- The Washington Times - Saturday, August 20, 2011

Rebels fighting to end Libyan strongman Col. Moammar Gadhafi’s 42-year reign seized control of one key oil town in the west of the country, but suffered setbacks in another in the east on Saturday.

Rebels told The Washington Times that they had “liberated” the city of Zawiyah, 30 miles west of Tripoli.

“We control the main square. The town has been liberated from Gadhafi’s snipers,” said a rebel who spoke on the condition of anonymity.

The rebels also took control of Zlitan, a city 100 miles east of Tripoli.

The advance tightens the encirclement of Tripoli.

While the rebels have closed in on the Libyan capital from the west, east and south, in the north NATO has 15 ships patrolling the Mediterranean Sea.

Zawiyah is the site of a key oil terminal that supplies the Libyan capital. Residents and rebels said the oil flow was shut off late last week.

Rebels succeeded in clearing the city of pro-Gadhafi snipers, some of whom had been holed up in a hospital in the southeastern part of the city. Most of the snipers were believed to be black African mercenaries loyal to the regime.

“There is a disaster in Zawiyah. All the buildings have been damaged; residents have been killed in their homes,” said Belgasem Zahef, a Zawiyah native who recently returned to his home in Montreal after spending over a month in detention. He was arrested in Zawiyah where he had gone to fight alongside the rebels.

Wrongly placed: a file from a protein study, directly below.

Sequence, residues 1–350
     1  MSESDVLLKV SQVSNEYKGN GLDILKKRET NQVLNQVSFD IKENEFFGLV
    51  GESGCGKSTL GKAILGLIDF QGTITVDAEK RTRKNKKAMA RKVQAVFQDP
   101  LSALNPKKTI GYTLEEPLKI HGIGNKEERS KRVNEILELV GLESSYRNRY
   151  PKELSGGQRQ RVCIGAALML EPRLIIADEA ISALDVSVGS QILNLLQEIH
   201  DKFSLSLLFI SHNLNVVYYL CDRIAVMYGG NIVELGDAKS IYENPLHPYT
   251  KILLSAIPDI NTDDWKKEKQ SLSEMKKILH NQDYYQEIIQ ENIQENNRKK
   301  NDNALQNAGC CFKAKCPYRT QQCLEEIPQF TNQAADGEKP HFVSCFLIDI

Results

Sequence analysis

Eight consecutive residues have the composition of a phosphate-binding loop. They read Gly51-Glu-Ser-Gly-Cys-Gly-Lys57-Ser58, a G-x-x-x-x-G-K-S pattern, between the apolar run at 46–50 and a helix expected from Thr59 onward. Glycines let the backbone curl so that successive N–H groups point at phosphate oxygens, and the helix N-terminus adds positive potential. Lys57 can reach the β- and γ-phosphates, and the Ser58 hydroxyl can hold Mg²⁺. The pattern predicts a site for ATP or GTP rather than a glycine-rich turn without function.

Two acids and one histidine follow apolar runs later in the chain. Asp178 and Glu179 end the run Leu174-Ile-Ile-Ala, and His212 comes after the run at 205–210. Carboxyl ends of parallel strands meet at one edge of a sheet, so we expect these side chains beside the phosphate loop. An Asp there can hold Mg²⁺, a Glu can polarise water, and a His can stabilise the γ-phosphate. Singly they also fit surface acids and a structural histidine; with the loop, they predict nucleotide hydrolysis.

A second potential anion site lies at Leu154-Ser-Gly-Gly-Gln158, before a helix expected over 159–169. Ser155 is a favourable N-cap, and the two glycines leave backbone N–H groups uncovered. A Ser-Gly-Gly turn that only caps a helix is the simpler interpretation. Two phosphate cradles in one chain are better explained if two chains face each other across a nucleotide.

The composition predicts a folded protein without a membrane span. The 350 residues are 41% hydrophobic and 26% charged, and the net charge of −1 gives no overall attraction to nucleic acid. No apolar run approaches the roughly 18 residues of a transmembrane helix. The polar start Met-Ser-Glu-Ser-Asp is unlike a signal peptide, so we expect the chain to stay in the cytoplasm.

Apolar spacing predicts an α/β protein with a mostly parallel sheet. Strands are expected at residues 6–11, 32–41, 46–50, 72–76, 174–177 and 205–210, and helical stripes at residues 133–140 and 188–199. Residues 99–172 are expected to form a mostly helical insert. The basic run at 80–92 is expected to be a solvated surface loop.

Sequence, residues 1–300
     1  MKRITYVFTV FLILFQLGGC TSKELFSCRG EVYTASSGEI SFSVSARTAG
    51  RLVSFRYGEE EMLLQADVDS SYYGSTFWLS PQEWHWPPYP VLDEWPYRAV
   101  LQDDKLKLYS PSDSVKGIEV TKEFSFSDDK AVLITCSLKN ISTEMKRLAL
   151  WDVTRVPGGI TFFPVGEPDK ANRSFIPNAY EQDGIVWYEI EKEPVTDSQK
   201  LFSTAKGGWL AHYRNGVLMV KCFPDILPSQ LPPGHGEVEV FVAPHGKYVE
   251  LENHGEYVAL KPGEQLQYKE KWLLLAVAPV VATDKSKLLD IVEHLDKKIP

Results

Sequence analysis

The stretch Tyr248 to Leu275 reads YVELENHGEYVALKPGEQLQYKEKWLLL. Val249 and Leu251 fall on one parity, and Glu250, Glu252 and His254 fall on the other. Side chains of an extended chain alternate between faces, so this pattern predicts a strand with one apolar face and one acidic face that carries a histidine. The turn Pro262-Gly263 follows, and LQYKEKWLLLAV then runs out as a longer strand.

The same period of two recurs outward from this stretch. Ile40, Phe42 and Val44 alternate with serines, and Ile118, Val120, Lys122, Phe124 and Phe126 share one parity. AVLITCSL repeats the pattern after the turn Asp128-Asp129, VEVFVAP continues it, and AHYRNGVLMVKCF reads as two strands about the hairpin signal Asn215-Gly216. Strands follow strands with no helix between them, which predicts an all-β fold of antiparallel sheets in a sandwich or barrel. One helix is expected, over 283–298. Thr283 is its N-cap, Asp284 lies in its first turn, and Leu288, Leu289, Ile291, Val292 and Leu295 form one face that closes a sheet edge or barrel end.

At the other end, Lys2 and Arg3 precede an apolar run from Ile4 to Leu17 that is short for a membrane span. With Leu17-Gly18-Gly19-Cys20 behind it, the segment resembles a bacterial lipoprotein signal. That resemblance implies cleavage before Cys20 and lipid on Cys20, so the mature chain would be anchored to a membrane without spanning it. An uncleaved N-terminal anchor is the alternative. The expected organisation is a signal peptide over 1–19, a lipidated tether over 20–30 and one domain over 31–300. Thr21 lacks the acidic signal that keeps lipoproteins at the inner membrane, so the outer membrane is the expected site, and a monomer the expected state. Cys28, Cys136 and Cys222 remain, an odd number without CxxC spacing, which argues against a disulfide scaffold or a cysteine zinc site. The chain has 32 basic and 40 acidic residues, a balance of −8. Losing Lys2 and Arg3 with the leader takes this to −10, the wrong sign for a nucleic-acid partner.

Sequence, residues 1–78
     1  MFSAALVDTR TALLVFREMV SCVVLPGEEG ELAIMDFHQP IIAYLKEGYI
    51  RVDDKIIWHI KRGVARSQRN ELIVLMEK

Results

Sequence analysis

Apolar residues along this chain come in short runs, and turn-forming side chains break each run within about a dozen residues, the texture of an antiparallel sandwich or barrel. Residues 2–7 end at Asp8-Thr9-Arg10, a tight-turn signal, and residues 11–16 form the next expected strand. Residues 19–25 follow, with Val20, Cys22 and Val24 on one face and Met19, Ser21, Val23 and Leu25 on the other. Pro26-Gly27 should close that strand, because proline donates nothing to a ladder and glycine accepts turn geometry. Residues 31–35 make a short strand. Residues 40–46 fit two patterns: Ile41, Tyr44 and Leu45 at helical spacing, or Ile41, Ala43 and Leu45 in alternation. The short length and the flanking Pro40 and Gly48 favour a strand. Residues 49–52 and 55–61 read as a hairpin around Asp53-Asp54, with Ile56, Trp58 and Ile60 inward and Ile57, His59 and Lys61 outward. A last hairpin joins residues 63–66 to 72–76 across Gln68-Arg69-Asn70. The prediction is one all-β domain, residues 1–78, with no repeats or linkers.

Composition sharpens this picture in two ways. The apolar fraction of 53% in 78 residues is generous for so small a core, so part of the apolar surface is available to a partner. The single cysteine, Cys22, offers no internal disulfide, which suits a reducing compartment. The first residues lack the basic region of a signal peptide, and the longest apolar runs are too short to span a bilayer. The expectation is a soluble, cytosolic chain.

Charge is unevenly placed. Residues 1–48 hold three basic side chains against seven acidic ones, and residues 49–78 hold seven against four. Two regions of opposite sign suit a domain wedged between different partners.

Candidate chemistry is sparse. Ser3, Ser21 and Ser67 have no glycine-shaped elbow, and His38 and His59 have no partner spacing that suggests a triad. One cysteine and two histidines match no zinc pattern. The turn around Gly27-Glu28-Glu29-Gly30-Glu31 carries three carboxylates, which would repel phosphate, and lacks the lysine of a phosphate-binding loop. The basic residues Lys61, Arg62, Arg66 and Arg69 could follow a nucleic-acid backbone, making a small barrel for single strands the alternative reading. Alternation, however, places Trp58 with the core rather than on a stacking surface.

Mr. Zahaf said the main prison in the city was overflowing with inmates who were forced to live in sub-human conditions and routinely tortured by their captors.

Rebels suffered a setback in Brega in the east where pro-Gadhafi forces waged a fierce battle to take back control of the oil port. A source near Brega said the rebels had “fallen back” under the heavy onslaught.
The rebels’ victory in Zawiya puts them closer to Tripoli where Col. Gadhafi, his family and members of the regime are based.

Residents of the Libyan capital on Saturday described a city under siege. Prices of fuel and food have skyrocketed and the city is enduring extended power cuts. Those who attempt to leave Tripoli are stopped by pro-Gadhafi forces stationed along the highways.

NATO has kept up its attack around Tripoli adding to the anxiety of residents who fear getting caught in the cross-fire.

“In Tripoli people are scared because of NATO bombings,” said Mr. Zahef, who has been urging his family to leave the city. People are fleeing by using back lanes and farm roads, he added.

On Friday, NATO bombs had struck nine military facilities, three radars, one radar guided anti-aircraft weapon system and one tank in the vicinity of Tripoli.

NATO bombs destroyed the home of Abdullah Senussi, Col. Gadhafi’s brother-in-law and intelligence chief. The International Criminal Court has issued a warrant for Mr. Senussi’s arrest on charges of committing war crimes.

NATO jets also struck near Zawiyah and Zlitan.

• Ashish Kumar Sen can be reached at asen@washingtontimes.com.

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